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Col. Robert S. Riley (Ret.) & His Books
Ditto Hardoin European Org O'Ferrall-Shaen Riley Shumate Woolfolk
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History of the O’Ferrall-Shaen Families of Ireland, England and the United States, 1500-2002
by Col. Robert S. Riley (Ret.)
revised 2011 edition
ISBN 978-1-936091-06-5
6x9", Hardbound, 658 pages

wholesale price eligibleR3807-$105.00

Books by Riley

History of the O’Ferrall-Shaen Families of Ireland, England and the United States, 1500-2002, by Col. Robert Shean Riley (Ret.)This book is a history of the origins and genealogy of the O'Ferrall Shaen families. In Chapter 1, the writer provides a brief account of the origins and history of the Irish people.  In Chapter 2, he explains the analogy used in tracing the Shean/Shane family in the United States back to the immigrant ancestor, Henry Shean, who arrived first in Philadelphia and then settled in Maryland sometime before the Revolutionary War.  In Chapters 3 and 4, he provides a documentary account of the early Shaen family as the result of meticulous records research in Ireland.  In the latter part of Chapter 4, he includes contributions to the family history provided by Descendants who live today in Ireland, England and the United States.  Chapter 5 provides information about the immigrant ancestor, Henry Shean [I], and his Descendants who live today in Maryland, Pennsylvania, and other states.  Chapter 6 provides information about John Shean [VI], the eldest son of Henry Shean [I], who moved to Kentucky circa 1804, and his Descendants who live today in Kentucky and other states.  Chapter 7 provides bits of Sheane Miscellanea contributed by Donald R. Sheane regarding the possible origins of his County Wicklow Sheanes and the genealogy of the Roscrea and Mountmellick Sheane families of Ireland and the United States.  And, lastly, Chapter 8 provides the results of additional research undertaken on the O'Ferrall Shaens who lived in County Antrim.  The appendixes found in Part II of this book contain extracts of official Irish, English, and United States records which verify and support the genealogies and history of the O'Ferrall Shaens and their Descendants in Ireland, England, and the United States, which are discussed in the narrative chapters.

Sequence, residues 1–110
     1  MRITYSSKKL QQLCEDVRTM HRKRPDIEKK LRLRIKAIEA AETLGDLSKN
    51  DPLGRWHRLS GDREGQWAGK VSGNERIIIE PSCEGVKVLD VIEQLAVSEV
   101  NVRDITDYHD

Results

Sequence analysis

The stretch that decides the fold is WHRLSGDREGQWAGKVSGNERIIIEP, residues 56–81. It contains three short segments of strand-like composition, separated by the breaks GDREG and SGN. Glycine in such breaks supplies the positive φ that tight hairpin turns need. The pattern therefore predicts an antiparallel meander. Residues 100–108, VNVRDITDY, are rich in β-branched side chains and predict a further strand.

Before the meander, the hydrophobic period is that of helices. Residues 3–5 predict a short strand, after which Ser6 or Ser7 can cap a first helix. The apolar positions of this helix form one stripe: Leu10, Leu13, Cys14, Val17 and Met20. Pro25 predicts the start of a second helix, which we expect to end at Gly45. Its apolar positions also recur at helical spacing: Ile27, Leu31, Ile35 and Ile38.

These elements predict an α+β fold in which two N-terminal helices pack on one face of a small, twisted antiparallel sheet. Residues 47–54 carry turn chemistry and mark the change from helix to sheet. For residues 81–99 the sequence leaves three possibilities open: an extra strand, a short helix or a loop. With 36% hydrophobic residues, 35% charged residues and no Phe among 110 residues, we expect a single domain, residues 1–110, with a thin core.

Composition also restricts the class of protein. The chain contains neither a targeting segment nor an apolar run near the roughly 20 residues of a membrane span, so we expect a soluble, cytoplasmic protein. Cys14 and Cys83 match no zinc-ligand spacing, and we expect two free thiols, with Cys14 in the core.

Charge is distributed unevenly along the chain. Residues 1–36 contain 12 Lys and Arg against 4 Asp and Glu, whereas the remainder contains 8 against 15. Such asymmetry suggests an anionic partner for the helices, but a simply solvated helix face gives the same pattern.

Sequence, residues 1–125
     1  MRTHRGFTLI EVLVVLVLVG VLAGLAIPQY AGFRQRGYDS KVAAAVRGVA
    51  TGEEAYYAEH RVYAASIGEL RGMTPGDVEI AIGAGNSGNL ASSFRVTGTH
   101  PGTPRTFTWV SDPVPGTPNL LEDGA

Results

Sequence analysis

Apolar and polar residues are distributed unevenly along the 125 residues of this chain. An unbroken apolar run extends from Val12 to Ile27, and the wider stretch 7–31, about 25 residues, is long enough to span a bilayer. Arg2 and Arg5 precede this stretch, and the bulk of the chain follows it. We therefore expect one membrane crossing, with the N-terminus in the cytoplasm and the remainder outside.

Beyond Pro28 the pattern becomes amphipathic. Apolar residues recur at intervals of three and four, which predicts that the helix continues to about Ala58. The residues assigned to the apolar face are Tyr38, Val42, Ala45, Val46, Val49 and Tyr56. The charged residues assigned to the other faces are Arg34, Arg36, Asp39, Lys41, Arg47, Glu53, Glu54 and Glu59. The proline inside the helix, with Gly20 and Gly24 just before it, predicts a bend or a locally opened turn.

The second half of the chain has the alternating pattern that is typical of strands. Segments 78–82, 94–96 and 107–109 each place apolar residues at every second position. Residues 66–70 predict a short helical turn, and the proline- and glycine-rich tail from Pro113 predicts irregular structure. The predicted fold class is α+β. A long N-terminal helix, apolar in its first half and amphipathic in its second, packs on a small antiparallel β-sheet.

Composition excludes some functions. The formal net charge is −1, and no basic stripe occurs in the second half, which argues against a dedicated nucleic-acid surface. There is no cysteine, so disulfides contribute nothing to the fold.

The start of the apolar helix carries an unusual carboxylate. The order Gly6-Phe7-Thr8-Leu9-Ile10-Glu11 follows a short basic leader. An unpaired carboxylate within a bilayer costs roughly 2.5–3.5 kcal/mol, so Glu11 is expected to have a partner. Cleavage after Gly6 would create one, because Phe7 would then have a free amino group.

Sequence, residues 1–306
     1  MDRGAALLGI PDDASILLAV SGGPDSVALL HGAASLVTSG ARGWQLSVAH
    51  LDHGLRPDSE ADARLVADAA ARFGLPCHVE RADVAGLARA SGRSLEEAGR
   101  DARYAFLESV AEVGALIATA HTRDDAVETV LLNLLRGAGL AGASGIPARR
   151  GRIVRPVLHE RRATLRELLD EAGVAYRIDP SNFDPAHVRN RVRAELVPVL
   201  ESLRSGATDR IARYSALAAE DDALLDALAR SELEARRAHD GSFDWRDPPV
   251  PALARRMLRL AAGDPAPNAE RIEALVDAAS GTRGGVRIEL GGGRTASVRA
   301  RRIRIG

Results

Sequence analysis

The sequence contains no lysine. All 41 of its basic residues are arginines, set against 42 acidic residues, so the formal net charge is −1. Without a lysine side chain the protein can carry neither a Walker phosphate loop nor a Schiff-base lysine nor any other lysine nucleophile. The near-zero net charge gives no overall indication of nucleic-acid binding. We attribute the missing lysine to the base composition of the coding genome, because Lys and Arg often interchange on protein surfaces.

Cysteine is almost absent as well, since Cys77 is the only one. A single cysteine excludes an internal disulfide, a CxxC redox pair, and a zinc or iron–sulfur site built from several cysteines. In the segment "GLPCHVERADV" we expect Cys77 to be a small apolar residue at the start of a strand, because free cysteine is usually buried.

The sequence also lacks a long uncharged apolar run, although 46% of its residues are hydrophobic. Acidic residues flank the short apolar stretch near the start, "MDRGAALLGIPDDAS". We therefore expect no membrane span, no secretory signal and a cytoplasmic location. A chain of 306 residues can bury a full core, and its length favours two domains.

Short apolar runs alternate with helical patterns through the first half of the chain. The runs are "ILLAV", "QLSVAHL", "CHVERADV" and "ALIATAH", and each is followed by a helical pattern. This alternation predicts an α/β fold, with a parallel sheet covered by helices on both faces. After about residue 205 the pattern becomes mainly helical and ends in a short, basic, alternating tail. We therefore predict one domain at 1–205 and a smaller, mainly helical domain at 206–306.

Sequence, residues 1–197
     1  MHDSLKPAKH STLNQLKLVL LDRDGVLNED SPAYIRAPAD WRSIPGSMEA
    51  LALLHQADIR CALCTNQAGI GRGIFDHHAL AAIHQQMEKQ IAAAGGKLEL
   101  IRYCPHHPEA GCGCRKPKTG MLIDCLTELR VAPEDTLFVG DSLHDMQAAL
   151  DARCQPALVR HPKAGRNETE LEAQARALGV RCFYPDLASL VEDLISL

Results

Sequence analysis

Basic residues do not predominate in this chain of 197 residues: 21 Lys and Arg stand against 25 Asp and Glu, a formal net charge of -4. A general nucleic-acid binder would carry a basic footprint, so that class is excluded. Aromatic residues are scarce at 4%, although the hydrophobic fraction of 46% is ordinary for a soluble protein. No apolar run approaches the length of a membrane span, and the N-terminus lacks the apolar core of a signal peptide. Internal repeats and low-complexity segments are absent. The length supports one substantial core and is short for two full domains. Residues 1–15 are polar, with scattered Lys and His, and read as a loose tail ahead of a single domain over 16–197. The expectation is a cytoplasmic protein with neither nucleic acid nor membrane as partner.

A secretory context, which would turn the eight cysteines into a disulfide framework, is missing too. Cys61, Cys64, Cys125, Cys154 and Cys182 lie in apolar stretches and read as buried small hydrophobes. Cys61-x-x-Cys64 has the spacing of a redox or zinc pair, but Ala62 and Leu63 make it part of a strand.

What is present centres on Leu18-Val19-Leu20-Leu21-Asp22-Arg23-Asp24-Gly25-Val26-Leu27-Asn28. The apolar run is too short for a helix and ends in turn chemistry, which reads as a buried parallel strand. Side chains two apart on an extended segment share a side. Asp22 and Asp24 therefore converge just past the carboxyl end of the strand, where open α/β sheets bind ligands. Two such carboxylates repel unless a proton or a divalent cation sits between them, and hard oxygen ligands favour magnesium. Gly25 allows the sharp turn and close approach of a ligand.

All book excerpts carry the original book Copyright - reprinted here with permission.

Preface to the Second Edition